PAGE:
Internal Resources
Any organization’s effectiveness relies on the internal attributes that are within its domain. The management could choose to analyze these components in the design and development of strategic objectives. Hamel and Prahalad (1990, p.83) defined suggested, value chain that identifies the supporting activities such as employee skills, technology and infrastructure as well as the prime activities can create profit. According to Porter and Kramer (2011, p. 64), successful situation analysis is tracked by the creation of long-term goals, which designate targets that could increase the company’s competitive position. The extended contention that results from all five forces describes an industry’s structure and outlines the nature of competitive dealings within it.

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They act as guidelines for specific strategy in organizations. The strategies are chosen at three distinct levels:
1. Business level strategy. Used when strategic business units divisions or small and medium enterprises select strategies for a single product offering sold in only one market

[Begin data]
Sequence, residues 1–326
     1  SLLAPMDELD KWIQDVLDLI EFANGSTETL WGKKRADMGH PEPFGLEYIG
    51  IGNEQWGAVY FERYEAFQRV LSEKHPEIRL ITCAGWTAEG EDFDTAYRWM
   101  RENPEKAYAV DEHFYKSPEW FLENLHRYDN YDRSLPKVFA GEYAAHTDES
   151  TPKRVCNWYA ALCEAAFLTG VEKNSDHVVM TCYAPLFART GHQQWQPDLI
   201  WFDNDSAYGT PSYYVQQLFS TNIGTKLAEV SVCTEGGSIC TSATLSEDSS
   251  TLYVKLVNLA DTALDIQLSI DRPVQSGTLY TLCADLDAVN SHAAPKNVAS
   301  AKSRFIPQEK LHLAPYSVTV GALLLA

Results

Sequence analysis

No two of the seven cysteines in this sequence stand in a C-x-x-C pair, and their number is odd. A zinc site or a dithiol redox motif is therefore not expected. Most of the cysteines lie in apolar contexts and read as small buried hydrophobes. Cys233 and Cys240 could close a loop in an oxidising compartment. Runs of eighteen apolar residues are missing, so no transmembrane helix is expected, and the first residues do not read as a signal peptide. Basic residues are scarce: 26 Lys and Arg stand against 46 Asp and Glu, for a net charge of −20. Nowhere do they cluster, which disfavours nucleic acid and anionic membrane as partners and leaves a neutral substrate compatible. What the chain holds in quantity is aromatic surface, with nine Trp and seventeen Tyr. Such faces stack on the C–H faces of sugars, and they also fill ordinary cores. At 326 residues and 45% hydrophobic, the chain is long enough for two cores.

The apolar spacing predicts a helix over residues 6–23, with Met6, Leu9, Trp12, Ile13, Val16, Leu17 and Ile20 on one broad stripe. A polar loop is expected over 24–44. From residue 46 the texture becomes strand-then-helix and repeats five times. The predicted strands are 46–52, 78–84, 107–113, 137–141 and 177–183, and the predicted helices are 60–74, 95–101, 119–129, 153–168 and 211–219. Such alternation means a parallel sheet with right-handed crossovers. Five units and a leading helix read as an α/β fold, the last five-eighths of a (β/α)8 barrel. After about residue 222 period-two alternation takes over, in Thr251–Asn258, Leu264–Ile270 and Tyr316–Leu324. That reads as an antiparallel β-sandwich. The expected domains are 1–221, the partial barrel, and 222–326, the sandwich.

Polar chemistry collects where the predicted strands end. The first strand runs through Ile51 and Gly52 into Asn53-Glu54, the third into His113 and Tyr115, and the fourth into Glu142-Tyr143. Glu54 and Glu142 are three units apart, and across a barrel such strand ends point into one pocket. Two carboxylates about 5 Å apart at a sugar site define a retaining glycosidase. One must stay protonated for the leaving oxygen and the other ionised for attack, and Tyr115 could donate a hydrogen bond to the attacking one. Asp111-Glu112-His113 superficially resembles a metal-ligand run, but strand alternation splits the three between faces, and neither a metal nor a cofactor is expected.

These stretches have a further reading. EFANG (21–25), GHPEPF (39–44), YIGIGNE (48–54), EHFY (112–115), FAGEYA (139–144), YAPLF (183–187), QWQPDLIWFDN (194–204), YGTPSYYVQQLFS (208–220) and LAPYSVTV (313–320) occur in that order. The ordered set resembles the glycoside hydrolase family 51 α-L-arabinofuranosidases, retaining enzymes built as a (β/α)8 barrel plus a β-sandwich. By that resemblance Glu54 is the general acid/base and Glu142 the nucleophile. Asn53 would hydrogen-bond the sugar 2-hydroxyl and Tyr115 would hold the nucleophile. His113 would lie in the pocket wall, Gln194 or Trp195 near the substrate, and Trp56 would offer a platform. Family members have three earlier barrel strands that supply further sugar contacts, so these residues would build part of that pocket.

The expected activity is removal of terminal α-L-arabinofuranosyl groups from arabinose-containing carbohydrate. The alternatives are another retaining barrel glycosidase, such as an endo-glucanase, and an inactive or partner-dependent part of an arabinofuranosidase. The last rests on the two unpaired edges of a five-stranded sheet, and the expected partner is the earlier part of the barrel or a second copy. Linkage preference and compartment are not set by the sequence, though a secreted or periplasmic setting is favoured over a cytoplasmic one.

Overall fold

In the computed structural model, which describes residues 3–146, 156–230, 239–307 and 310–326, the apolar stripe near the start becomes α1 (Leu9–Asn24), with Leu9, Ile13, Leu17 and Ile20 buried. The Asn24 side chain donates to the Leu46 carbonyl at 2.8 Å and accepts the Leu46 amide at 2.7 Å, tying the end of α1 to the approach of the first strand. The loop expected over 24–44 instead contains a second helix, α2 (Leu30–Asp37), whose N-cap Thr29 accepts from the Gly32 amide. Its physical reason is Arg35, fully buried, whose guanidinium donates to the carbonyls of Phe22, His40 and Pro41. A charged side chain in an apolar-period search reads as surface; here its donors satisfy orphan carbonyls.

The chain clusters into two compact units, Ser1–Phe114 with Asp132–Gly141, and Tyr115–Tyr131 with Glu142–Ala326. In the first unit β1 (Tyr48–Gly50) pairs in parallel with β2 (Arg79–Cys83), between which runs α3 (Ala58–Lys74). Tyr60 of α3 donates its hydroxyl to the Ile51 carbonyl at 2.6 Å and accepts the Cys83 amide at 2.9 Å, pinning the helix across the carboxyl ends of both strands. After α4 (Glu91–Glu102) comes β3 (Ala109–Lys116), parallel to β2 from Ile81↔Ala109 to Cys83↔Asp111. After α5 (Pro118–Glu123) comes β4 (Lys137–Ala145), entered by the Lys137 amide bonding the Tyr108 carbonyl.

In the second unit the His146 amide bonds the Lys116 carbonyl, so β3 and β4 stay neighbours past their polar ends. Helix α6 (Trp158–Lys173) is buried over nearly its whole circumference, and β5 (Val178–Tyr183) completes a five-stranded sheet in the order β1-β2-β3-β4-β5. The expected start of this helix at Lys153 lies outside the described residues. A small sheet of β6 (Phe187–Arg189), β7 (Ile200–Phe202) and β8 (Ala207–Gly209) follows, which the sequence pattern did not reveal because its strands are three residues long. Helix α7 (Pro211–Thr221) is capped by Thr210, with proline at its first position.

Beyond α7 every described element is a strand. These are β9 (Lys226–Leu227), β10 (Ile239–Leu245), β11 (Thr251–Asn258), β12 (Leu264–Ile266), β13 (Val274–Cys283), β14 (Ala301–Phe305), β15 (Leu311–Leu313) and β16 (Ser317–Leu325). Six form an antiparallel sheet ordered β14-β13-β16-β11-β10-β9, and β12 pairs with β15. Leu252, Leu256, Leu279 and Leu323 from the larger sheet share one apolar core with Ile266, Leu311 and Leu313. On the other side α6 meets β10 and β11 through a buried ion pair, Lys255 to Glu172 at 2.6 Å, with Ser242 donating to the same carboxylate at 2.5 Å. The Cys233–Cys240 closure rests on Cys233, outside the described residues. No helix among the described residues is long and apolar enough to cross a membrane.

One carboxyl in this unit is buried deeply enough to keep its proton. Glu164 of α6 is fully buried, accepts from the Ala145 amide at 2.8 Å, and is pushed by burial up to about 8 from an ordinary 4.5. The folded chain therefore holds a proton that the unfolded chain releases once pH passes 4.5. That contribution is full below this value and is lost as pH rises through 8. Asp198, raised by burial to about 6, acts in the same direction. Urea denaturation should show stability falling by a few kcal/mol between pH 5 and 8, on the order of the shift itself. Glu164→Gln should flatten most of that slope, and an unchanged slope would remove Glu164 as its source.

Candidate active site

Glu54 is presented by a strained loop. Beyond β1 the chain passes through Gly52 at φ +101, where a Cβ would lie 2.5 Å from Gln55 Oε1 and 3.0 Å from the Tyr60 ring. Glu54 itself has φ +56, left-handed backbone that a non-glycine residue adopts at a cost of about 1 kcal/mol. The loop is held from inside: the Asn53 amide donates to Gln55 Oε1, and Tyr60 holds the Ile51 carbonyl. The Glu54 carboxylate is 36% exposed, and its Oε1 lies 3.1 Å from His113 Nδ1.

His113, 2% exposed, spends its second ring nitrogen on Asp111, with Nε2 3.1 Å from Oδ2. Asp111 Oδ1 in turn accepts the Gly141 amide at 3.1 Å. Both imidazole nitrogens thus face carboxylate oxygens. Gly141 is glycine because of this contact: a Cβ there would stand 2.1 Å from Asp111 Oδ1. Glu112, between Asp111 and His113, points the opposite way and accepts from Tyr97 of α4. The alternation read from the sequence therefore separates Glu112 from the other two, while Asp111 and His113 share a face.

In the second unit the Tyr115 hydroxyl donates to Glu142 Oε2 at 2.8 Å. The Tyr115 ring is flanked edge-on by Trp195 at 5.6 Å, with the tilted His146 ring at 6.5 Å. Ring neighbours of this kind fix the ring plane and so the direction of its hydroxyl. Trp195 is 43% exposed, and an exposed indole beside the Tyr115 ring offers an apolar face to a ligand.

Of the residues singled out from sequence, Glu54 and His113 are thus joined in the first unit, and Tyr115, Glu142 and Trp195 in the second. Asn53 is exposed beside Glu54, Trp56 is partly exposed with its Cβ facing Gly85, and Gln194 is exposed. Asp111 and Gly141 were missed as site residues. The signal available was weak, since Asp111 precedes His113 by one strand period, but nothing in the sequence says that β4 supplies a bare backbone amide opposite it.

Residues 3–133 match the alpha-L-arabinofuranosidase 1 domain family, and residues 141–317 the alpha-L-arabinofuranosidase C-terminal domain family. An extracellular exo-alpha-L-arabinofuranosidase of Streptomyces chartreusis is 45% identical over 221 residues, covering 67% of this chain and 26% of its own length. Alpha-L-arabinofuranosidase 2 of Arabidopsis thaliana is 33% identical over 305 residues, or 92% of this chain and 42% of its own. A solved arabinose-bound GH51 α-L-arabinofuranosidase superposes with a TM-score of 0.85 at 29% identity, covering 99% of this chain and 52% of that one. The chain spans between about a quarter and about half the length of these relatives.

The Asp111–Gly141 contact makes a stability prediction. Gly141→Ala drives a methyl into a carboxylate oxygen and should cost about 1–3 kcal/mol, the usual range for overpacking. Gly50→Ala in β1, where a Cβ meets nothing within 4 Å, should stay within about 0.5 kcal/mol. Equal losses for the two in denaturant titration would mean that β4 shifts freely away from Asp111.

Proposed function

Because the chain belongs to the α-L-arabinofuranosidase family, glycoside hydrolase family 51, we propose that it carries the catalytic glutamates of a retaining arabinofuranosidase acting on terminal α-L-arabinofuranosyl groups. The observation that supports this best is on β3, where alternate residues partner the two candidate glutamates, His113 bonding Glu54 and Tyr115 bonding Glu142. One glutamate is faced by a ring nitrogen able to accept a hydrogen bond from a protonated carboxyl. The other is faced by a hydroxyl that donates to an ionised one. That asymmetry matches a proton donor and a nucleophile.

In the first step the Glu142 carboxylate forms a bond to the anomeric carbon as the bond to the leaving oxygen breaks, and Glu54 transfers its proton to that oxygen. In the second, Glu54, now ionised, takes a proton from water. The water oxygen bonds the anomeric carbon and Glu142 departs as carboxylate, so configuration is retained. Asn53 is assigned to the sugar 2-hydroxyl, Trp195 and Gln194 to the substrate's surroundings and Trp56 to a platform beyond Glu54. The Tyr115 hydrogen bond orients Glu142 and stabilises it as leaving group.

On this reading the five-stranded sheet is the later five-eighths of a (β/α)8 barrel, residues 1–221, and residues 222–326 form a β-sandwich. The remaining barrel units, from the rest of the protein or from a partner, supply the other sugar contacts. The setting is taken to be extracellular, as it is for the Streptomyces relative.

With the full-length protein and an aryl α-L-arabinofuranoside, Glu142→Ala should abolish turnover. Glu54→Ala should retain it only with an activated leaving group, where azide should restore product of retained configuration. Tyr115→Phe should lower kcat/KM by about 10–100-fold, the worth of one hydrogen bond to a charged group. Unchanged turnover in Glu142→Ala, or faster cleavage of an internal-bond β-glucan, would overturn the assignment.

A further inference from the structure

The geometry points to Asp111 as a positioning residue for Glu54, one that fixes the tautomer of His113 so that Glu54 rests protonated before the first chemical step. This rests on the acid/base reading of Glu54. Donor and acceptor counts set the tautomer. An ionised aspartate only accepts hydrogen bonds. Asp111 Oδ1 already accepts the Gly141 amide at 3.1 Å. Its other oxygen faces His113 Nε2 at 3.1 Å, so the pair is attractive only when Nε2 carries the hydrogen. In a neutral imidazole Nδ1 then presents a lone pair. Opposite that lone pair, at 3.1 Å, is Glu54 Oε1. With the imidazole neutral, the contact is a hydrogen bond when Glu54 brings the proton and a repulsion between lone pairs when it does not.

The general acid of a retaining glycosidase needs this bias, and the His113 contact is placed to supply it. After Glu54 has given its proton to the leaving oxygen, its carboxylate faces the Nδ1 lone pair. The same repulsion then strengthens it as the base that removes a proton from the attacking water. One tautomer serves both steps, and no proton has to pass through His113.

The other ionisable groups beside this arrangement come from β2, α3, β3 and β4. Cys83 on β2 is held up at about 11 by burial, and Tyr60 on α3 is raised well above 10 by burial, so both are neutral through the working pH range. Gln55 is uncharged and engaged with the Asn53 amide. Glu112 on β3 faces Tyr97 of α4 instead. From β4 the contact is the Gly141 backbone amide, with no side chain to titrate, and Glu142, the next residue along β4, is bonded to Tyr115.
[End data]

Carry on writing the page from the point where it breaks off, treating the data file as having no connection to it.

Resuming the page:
2. Corporate level strategy. Executives choose which merchandises to sell, which market to enter and whether to acquire a competitor or merge with it. They select between integration, intensive, diversification and defensive strategies.
3. Global/International strategy. It concerns new markets to develop and how to enter them.

Even the best strategic campaigns must be executed, and only well-performed strategies enable sustainable competitive advantage for a firm. According to Porter (2008), there are many ways in which addressing societal concerns can yield the desired output benefit a firm. Contemplate, for example, what ensues when a firm invests in a wellness program. People benefit since employees and their families become healthier, curtailing employee absences and lost productivity.

On the other hand, according to Barney (1991, p.103), the communication in strategy implementation is indispensable as novel strategies must get backing from all stakeholders for effective implementation. These include:
• Setting yearly objectives
• Revising procedures to meet the purposes
• Allotting resources to strategically significant areas
• Altering organizational structure to attain new strategy
• Management of resistance to change.
• Introducing innovative reward schemes for performance outcomes.

  • Barney, J 1991, ‘Firm resources and sustained competitive advantage,’ Journal of Management, 17(1), pp.99-120.
  • Hamel, G. and Prahalad, C.K 1990, ‘The core competence of the corporation,’ Harvard Business Review, 68(3), pp.79-91.
  • Porter, M.E. and Kramer, M.R. 2011, ‘Creating shared value,’ Harvard Business Review, 89(1/2), pp.62-77.
  • Porter, M., 2008, The five competitive forces that shape strategy.